Azar FM, ed. Orthop Clin North Am. 2018;49(4):A1-A8,389-552.

Quality and value have intersecting influence on the safety of health care. Articles in this special issue explore key principles of safe orthopedic care for both adult and pediatric patients. Topics covered include leadership's role in implementing sustainable improvement, postsurgery patient education as a safety tactic, and the impact of surgical volume on safe, high-quality care.
Blay E, Barnard C, Bilimoria KY. JAMA. 2018;319:495-496.
This commentary describes a case involving a patient with obstructive sleep apnea who received multiple sedating medications and subsequently had a cardiac arrest while undergoing MRI. The authors explore root causes and provide suggestions for improving the safety of care for patients with obstructive sleep apnea.
Abujudeh H, Kaewlai R, Shaqdan K, et al. American Journal of Roentgenology. 2017;208.
This review summarizes key principles of high quality care and how they can be applied to augment radiology practice. Recommended safety improvement strategies included plan-do-study-act cycles, change management, and balanced scorecards.
Mansouri M, Aran S, Harvey HB, et al. J Magn Reson Imaging. 2016;43:998-1007.
This analysis of incident reports related to magnetic resonance imaging found that, similar to other settings, incident reports are infrequent, and most do not result in patient harm. Common reasons for reports were associated with test orders, adverse drug reactions, and safety of intravenous medication administration. Given known under-reporting in voluntary reporting systems, future work should incorporate other safety hazard detection methods.
Gilk T, Kanal E. J Magn Reson Imaging. 2015;42:566-71.
Although rare, adverse events still occur during magnetic resonance imaging (MRI). These incidents can be prevented through increased attention to the design of the environment in which scanners are used. This commentary describes the benefits to engaging frontline personnel in site planning to enhance MRI safety.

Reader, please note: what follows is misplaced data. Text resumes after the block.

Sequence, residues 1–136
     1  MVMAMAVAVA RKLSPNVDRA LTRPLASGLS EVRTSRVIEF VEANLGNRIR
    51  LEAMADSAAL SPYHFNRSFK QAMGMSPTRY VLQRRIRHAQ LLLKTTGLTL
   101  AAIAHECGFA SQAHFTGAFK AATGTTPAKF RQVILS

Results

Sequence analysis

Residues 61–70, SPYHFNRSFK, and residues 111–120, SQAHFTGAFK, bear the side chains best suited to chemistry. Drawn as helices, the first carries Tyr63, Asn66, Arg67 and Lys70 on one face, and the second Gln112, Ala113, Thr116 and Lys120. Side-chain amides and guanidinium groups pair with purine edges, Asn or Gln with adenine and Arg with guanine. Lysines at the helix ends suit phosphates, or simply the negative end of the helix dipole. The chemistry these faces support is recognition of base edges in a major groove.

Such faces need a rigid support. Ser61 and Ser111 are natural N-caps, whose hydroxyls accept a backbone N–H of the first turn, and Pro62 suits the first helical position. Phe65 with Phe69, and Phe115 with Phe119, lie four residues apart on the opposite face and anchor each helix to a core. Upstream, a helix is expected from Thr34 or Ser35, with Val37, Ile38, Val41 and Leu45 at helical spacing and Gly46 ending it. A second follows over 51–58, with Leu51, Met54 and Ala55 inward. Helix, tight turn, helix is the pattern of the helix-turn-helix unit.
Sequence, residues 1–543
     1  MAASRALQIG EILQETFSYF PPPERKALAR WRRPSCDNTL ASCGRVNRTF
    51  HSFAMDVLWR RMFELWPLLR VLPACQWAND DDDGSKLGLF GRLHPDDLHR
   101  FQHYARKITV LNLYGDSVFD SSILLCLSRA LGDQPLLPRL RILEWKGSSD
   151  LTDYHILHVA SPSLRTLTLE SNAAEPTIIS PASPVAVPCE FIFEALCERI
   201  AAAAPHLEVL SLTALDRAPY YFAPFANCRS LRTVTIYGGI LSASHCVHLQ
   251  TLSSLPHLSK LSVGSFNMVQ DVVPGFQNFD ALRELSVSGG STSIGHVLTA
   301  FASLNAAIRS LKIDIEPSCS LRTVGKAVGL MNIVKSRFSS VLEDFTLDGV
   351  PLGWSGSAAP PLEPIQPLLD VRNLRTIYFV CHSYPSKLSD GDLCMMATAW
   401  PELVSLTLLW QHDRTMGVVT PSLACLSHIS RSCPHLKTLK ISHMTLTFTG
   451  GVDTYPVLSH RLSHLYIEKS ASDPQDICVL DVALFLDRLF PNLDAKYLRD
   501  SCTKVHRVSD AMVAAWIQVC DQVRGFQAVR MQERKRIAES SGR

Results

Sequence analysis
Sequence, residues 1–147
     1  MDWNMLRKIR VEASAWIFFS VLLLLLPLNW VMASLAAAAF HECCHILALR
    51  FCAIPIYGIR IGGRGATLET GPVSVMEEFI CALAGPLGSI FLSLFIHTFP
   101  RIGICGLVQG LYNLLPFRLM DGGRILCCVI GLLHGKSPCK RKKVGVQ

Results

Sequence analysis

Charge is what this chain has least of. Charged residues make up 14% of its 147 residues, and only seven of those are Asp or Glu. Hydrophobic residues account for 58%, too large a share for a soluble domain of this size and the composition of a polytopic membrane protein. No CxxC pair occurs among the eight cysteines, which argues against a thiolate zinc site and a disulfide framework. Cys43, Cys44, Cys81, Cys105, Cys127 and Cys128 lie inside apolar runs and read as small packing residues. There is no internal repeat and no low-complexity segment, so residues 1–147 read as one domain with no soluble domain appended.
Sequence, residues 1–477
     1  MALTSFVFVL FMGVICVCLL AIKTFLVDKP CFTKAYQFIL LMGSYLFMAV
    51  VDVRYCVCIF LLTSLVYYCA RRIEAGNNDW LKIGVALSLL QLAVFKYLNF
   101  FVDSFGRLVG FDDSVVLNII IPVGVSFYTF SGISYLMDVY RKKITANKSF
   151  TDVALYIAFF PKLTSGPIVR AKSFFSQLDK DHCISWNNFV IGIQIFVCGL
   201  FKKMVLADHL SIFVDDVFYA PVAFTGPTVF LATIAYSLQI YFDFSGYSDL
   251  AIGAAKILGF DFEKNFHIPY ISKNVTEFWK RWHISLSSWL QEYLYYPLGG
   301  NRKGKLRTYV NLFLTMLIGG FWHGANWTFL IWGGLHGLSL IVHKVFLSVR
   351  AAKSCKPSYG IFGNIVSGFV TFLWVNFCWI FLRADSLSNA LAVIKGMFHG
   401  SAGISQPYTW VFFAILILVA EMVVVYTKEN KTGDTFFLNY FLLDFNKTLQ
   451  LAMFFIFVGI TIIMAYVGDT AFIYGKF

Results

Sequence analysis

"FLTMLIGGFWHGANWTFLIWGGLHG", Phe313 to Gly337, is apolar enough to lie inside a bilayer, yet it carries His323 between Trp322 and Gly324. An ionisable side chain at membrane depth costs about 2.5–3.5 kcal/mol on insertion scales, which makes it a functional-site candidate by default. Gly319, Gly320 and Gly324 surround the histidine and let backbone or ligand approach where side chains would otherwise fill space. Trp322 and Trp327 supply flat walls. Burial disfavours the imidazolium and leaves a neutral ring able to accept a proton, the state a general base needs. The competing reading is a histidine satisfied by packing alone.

Gilk T, Latino RJ. Patient Saf Qual Healthc. November/December 2011;8:22-23,26-29.
Describing a case of accidental patient death in an MRI suite, this article reviews a root cause analysis of the event and notes that no regulatory efforts have been implemented to improve MRI safety in the 10 years following the incident.
Sentinel Event Alert. 2008;38:1-3.
This alert provides risk reduction strategies and recommendations to minimize opportunities for failures associated with the use of magnetic resonance imaging (MRI). Note: This alert has been retired effective August 2016. Please refer to the information link below for further details.
International Society for Magnetic Resonance in Medicine.
MRI Safety Week is held annually in July. This observance  supports the sharing of information and resources to support magnetic resonance imaging safety.
Rozovsky FA, Gilk TB, Latina RJ. Materials management in health care. 2006;15:18-23.
This article discusses risk management in magnetic resonance imaging facilities and the use of root cause analysis to inform risk management methodologies.